Oils and Fats Super Food ( Earth )
Virgin Olive Oil : Super Food

Olive oil, extra virgin 

extra virgin oil oilAnyone coming from the Mediterranean region of the world would tell you about the health benefits, as well as the wonderful flavor, of a good dose of olive oil on salads, pasta, fish and almost anything else. Fortunately, it is available throughout the year to satisfy taste buds and promote good health.

Olive oil is made from the crushing and then subsequent pressing of olives. The fact that olives are rich in oil is reflected in the botanical name of the olive tree-Olea europea- since the word "oleum" means oil in Latin. Extra virgin olive oil is derived from the first pressing of the olives and has the most delicate flavor and most antioxidant benefits.


This chart graphically details the %DV that a serving of Olive oil, extra virgin provides for each of the nutrients of which it is a good, very good, or excellent source according to our Food Rating System. Additional information about the amount of these nutrients provided by Olive oil, extra virgin can be found in the Food Rating System Chart. A link that takes you to the In-Depth Nutritional Profile for Olive oil, extra virgin, featuring information over 80 nutrients, can be found under the Food Rating System Chart.

Health Benefits

Food ChartPure, extra virgin olive oil is not only a light and delicate addition to many wonderful dishes, it is one of the most health-promoting types of oils available. Olive oil is rich in monounsaturated fat, a type of fat that researchers are discovering has excellent health benefits.

Protection Against Chronic Degenerative Disease

In many parts of the world, a high fat intake is associated with degenerative diseases such as atherosclerosis, diabetes, asthma, colon cancer, and arthritis. But in some parts of the world, a high fat intake is actually associated with lower rates of these conditions. A closer look at the foods eaten in these places reveals that the high fat intake is actually due to the generous use of olive oil. Comparing these areas, such as the Mediterranean, where olive oil is the main fat used, to other regions, like the United States, where other fats such as animal fats, hydrogenated fats and vegetable oils like corn oil dominate, turns up some very interesting data. It turns out that people who use olive oil regularly, especially in place of other fats, have much lower rates of heart disease, atherosclerosis, diabetes, colon cancer, and asthma.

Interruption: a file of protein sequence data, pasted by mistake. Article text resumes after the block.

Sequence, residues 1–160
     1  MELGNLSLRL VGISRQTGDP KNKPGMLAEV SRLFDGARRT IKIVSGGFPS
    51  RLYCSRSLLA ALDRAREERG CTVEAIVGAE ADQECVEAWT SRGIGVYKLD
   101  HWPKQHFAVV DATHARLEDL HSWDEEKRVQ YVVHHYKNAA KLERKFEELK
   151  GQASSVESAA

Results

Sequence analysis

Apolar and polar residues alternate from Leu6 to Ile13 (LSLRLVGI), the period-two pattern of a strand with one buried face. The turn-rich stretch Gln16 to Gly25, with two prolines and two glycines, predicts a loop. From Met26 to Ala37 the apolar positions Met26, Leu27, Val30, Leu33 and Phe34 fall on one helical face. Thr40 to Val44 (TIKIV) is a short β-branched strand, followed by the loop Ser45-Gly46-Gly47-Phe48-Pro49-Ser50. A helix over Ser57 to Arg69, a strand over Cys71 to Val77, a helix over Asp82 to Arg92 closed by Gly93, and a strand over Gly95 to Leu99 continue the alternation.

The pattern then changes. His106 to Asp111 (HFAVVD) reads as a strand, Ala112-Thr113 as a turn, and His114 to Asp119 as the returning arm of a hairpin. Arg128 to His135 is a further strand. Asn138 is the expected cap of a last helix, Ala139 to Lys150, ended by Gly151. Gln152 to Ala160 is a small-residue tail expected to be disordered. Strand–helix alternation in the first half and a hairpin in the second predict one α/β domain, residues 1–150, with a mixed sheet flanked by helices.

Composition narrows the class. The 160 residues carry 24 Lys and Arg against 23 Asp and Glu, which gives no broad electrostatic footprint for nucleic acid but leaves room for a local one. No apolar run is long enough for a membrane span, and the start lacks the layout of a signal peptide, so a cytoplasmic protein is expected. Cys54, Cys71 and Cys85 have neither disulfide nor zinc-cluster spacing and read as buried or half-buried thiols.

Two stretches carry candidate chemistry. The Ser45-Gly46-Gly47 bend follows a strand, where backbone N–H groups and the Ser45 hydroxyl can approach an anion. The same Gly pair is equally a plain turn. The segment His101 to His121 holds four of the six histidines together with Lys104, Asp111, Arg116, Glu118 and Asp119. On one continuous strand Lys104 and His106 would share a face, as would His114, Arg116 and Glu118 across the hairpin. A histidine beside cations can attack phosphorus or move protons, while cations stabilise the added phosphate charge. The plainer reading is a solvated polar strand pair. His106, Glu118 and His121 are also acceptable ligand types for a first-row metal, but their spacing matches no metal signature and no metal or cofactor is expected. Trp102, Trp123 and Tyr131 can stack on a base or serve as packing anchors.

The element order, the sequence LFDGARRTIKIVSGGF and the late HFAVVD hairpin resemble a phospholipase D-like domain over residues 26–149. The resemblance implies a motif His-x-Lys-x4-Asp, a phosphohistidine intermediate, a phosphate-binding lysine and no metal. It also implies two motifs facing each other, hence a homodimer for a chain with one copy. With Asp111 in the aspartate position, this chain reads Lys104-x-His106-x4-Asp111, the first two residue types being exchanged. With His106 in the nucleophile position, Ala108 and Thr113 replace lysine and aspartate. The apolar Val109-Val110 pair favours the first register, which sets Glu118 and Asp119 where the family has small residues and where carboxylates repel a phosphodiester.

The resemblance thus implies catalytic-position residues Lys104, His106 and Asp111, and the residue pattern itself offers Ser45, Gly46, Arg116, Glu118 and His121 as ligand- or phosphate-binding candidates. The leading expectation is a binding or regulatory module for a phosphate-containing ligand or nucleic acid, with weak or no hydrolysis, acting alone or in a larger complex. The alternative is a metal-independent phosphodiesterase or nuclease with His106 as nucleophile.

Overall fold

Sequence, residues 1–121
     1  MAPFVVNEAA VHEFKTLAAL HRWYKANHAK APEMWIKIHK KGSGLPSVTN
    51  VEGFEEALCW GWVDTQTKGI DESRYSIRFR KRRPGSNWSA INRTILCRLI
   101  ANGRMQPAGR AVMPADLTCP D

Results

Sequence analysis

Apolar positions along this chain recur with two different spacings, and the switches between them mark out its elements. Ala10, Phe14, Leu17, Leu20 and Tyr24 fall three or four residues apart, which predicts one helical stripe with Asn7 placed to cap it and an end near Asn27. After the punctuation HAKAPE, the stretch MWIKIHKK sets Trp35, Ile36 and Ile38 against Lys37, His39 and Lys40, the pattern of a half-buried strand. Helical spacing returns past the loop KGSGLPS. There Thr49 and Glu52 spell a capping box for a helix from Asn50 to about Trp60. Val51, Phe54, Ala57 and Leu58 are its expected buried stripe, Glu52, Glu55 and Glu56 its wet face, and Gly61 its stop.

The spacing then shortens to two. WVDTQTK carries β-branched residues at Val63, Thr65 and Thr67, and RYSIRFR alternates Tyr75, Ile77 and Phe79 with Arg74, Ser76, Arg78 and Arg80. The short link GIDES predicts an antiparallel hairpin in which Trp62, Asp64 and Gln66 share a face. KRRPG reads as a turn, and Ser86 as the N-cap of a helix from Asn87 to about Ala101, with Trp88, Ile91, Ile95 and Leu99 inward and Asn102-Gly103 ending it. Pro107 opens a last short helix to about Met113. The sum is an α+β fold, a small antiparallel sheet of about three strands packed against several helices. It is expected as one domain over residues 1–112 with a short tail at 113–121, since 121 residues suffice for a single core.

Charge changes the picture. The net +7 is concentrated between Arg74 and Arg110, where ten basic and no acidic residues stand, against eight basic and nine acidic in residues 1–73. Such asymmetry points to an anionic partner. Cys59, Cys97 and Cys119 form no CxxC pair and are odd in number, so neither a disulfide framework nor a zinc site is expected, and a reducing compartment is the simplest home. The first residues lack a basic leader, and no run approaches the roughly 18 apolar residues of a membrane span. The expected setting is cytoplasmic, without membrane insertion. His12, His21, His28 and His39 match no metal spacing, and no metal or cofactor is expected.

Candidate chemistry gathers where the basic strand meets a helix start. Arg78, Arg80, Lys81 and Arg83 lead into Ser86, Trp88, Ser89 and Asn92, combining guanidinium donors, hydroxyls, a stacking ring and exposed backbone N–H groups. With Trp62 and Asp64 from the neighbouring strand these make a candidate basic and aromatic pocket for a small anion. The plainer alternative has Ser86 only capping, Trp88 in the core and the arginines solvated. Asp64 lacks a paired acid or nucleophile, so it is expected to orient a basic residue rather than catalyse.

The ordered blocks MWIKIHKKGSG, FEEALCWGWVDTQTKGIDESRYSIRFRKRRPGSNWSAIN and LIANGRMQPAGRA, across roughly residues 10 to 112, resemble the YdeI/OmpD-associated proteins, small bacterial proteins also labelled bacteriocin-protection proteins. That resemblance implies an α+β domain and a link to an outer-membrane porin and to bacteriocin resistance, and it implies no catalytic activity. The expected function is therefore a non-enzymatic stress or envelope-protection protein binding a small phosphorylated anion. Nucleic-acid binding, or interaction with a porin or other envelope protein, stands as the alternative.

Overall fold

Live Longer-Eat an Olive Oil-Rich Mediterranean-style Diet

In a prospective study (one in which participants are chosen and then followed forward in time) involving 5,611 adults 60 years or older, adherence to a Mediterranean style dietary pattern - characterized by high consumption of olive oil, raw vegetables, soups, and poultry - was associated with a significantly lower risk of death from all causes.

After 6.2 years, those most closely following a Mediterranean 'olive oil and salad' dietary pattern had a 50% reduced risk of overall mortality. Much less favorable were the results seen in those most closely following a 'pasta and meat' dietary pattern - characterized by pasta, tomato sauce, red meat, processed meat, added animal fat, white bread and wine - whose overall mortality risk increased.

Study authors concluded, "Dietary recommendations aimed at the Italian elderly population should support a dietary pattern characterized by a high consumption of olive oil, raw vegetables and poultry." (Masala G, Ceroti M, et al., Br J Nutr.)

Heart Health

Olive Oil Highly Protective against Heart Disease

Relying only on olive oil may cut your risk of coronary heart disease almost in half, show results from the CARDIO2000 case-control study, published in Clinical Cardiology (Kontogianni MD, Panagiotakos DB, et al.).

Conducted in Greece, and involving 700 men and 148 women with coronary heart disease, and 1078 age- and sex-matched healthy controls, this study looked not only at diet but also at alcohol intake, physical activity and smoking habits. Nutritional habits, including use of oils in daily cooking or preparation of food, was also evaluated.

Even after adjustments were made to account for a variety of other variables -- including body mass index, smoking, physical activity level, educational status, a family history of heart disease, high blood pressure, high cholesterol and diabetes -- exclusive use of olive oil was associated with a 47% lower likelihood of having coronary heart disease.

Consuming other fats or oils as well as olive oil, however, conferred no protection.